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What is “Thoughtful Code?” →

A sort-of goal of starting my Thoughtful Code hobby site was to use it it say a little more on theory than “here’s how to set up Java projects” or “here are five cool things you didn’t know about PHP.” I love articles like that (and should write more of them), but they don’t speak to the name or concept of what makes code worth writing and what makes it valuable to the word. And that’s something I think about a lot, both in our work here with WordPress, and with my role in Code for Fort Collins.

So today I’m publishing the first in a series of pieces that explore in a bit more detail what I think makes code “good” and also why I find so many of those conversations become useless mires of subjectivity. In short, I think defining the values that you think makes code good must come conceptually prior to asserting that code it good. That sentence, hopefully, did more than prove that I’ve taken a few (too many?) philosophy courses.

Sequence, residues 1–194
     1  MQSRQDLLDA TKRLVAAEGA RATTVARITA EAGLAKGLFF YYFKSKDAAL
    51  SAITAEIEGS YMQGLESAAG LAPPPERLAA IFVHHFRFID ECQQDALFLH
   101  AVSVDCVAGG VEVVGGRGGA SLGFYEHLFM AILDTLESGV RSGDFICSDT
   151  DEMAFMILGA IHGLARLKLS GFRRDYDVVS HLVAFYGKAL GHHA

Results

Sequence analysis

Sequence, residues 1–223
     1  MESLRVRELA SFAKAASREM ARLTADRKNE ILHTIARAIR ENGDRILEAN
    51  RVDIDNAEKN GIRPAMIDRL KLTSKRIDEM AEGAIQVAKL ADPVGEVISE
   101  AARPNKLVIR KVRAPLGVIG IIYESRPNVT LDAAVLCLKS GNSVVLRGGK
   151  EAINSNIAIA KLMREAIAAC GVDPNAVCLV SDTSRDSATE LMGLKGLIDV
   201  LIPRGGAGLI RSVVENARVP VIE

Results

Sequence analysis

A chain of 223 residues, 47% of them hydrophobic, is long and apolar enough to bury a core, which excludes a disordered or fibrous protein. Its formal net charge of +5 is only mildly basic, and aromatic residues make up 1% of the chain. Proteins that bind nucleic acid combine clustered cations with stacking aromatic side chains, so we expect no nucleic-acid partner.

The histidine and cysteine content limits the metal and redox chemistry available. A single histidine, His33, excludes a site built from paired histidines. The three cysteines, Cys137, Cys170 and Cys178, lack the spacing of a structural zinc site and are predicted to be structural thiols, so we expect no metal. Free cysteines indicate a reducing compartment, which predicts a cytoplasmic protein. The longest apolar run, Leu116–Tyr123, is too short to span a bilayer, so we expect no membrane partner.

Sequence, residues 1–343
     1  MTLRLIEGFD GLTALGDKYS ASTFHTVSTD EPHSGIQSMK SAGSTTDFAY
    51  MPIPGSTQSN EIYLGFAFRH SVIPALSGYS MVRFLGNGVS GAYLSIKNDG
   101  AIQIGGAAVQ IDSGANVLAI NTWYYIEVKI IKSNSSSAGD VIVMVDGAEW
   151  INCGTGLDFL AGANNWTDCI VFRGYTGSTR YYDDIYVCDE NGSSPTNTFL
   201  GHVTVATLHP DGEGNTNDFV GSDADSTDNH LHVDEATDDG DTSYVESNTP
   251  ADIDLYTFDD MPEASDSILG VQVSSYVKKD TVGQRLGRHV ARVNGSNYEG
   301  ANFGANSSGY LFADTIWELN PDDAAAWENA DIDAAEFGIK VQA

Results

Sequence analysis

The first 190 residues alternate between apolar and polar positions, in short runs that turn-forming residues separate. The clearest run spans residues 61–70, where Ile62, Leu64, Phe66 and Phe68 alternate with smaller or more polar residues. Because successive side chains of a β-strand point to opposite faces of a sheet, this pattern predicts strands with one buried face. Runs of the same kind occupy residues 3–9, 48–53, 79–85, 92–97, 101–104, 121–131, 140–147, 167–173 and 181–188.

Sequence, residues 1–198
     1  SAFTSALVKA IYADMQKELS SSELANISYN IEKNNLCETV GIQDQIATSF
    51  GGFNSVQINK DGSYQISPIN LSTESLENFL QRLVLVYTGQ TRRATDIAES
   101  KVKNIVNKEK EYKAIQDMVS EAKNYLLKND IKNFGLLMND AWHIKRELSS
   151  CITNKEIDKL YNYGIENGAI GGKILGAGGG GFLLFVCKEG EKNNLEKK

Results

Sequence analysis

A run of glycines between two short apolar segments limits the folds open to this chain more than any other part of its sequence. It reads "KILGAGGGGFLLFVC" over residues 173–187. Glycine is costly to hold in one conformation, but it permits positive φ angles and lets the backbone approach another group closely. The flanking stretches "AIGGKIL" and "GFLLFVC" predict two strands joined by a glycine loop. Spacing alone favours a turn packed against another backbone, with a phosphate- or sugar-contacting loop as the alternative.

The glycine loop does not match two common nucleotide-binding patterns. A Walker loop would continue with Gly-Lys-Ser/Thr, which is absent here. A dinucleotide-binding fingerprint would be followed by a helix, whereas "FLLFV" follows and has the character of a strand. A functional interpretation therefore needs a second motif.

Anyway, I think the piece itself works well, but I’m less sold on these ramblings. So I’ll just urge you again to read it. And ask that if you have any thoughts at all I’d love to hear them. This idea is young enough that I’m not over-attached to it, and should be able to listen well.

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One thing every WordPress site should have is a site icon, also called a favicon—the little tiny image that shows up in your browser tabs to let you tell one site from another. A site icon looks like this:

This video Quick Guide walks you through how to change your WordPress site icon. It’s easier now than ever, because WordPress has rolled this feature into the Customizer. And WordPress’s standard site icon uploading process has you covered for all the less common uses of
favicons (such as serving as retina-ready desktop app icons if someone saves a shortcut to your site onto her iPad).

Here’s our video guide on how to set your site icon in WordPress:

Set Favicon (Site Icon) in WordPress - YouTube

And here’s our text guide to the same information: